Just this week, the world’s first cryptocurrency celebrated its 14th birthday. Since its creation in 2009, Bitcoin (BTC 0.05%) has become the pioneer of an entire asset class and went from being worth mere pennies to hitting an all-time high, just shy of $70,000, in November 2021. In addition to its monumental price ascension, it has become recognized as an official currency of two countries, is held by Fortune 500 companies, and has benefited from an ever-growing user base thanks to some technological advancements.
Of course, all of this raises the question: Where could Bitcoin be in another 14 years?
A glimpse into the future based on the present
By 2037, I believe there will be a handful of realities that could unfold for Bitcoin in the future. While I am confident there will be developments we can’t yet envision, we should take any predictions with a grain of salt. As much as I hope to be correct, I don’t have a crystal ball. But I do have data and research on which to base my hopes.
First, let’s start with the low-hanging fruit. Year after year, more people are purchasing Bitcoin. Since 2009 the number of users holding at least 0.1 Bitcoins has increased, and even in the midst of recent market turmoil, it hit an all-time high of 4.1 million wallets. Thanks to technological advancements, like the Lightning Network, which makes using Bitcoin for daily transactions much simpler and cost-effective, it isn’t difficult to imagine a future where your favorite retailers accept Bitcoin as payment.
Building on the momentum of more users, I believe that in another 14 years, there will be more countries that recognize Bitcoin as legal tender. El Salvador made history in 2021 when it became the first country to give it official status, and six months later, the Central African Republic followed suit. But both of these countries are relatively small players on the world economic stage. By 2037, I wouldn’t be surprised if countries such as Nigeria, Thailand, Turkey, or Argentina decide to give Bitcoin legal status. These countries are home to some of the largest populations of Bitcoin users in the world, and should one decide to make the decision, it could lead to another following suit — a phenomenon known as game theory.
Bitcoin’s next accomplishment will result in it becoming a staple of both individual portfolios and corporate balance sheets. Companies such as Fidelity already offer Bitcoin exposure for clients and are looking at giving employers the option to offer employees access to Bitcoin through their retirement plans. There’s also the institutional side of things. Just this year, the world’s largest asset manager, BlackRock, said it would offer its capital-rich institutional customers access to Bitcoin. As leaders in their industry, it might be safe to assume that more competitors will follow suit to meet an increase in demand.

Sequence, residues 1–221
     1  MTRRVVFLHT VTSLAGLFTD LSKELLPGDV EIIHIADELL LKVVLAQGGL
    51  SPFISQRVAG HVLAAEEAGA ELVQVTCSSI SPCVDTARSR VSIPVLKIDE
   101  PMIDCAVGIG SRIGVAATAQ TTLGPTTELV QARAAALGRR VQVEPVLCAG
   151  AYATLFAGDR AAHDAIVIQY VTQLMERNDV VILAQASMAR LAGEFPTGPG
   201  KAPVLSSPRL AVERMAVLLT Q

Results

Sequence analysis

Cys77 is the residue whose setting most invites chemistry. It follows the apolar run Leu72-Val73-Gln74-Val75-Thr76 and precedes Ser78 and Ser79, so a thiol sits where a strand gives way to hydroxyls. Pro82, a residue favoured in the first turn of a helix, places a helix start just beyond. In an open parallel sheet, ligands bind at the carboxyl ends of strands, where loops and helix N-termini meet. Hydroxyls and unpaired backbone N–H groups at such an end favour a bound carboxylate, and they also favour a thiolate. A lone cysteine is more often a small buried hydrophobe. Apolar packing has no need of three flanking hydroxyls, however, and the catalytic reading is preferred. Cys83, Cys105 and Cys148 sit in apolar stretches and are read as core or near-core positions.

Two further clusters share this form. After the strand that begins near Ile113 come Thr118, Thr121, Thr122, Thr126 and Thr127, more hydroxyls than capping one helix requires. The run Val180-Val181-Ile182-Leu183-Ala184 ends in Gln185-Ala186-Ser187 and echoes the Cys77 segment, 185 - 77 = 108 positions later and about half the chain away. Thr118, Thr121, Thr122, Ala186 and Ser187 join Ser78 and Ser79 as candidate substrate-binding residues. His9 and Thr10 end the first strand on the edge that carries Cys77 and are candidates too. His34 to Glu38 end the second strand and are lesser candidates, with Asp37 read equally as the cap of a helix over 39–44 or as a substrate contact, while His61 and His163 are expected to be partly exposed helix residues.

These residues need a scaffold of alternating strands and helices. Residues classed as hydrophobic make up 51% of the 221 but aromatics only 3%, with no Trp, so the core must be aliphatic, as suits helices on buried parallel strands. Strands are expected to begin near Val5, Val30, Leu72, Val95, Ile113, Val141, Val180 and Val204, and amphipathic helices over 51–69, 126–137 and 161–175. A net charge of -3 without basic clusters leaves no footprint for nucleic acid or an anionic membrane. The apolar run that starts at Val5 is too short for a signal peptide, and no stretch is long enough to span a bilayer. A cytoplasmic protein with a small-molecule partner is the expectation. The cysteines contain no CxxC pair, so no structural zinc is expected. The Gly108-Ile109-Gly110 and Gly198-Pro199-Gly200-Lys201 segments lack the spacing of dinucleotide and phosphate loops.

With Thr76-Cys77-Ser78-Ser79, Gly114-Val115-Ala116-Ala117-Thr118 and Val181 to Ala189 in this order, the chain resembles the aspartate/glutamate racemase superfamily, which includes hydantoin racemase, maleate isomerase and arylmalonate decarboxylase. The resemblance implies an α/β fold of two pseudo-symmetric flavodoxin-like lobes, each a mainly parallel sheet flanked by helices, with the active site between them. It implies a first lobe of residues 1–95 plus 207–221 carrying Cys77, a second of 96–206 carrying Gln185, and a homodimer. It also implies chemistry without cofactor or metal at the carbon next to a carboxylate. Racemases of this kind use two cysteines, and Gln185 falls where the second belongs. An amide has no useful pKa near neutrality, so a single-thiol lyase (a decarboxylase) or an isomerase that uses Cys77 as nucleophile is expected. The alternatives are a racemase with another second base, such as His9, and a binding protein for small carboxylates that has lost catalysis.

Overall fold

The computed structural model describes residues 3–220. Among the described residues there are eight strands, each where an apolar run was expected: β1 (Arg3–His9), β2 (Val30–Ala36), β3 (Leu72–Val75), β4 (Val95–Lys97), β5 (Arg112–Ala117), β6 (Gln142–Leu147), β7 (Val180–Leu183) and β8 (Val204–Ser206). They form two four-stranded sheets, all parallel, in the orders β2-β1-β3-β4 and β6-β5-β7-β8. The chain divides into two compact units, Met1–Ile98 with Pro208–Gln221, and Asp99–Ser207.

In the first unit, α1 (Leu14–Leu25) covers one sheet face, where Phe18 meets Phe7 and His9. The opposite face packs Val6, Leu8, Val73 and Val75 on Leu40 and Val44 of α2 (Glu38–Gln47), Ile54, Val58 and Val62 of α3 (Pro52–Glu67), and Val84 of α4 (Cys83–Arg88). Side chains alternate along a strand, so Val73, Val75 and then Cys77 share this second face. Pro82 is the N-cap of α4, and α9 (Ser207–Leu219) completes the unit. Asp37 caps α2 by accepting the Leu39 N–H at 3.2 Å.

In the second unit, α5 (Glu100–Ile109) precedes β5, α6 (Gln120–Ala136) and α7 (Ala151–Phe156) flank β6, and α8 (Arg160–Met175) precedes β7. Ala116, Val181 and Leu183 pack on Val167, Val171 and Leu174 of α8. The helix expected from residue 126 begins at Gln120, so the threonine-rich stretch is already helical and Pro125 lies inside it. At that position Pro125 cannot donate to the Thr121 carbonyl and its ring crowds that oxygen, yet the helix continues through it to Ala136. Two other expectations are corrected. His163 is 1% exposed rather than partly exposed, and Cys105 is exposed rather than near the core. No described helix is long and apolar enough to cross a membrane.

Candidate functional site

In addition, I believe the regulatory environment around Bitcoin will be much clearer. Currently, the guidelines and legislation around digital assets are about as clear as mud. In the last year, countries such as Germany, Brazil, and Japan have all ratified comprehensive legislation, thereby clearing the air and providing better legal guidance. With events like the bankruptcy of crypto exchange FTX unfolding this year, it’s likely that a precedent may have been set for legislators to step in and deliver sooner than later. With a comprehensive framework in place, it could provide investors with more confidence that Bitcoin is a legitimate asset and also make the tax environment more favorable and better understood.
All of these things would lead to greater demand. And with more demand and less supply, prices go up. By 2037, Bitcoin will have gone through four more halvings, and around 96% of all coins will be in circulation — leaving just 4% left to satisfy any increased demand.
Let’s talk numbers
Based on past data, after each halving, Bitcoin produces less of a return than in the previous halving (the most explosive growth was in its early years), but that doesn’t mean it won’t continue to climb. Analysts and Bitcoin fanatics such as Cathie Wood have called for a $1 million price tag for Bitcoin by 2030. I’m not convinced that might be in the cards this soon, but even if her team at Ark Invest were only half right and off by a handful of years, a $500,000 mark by 2037 would represent a whopping 2,800% return from today’s measly price of around $17,000.
Overall, the potential impact of Bitcoin by 2037 will depend on how widely it is adopted and how it is used. While it is difficult to predict what the future will hold, it is clear that Bitcoin has the potential to bring about significant changes in the way that we think about money and value.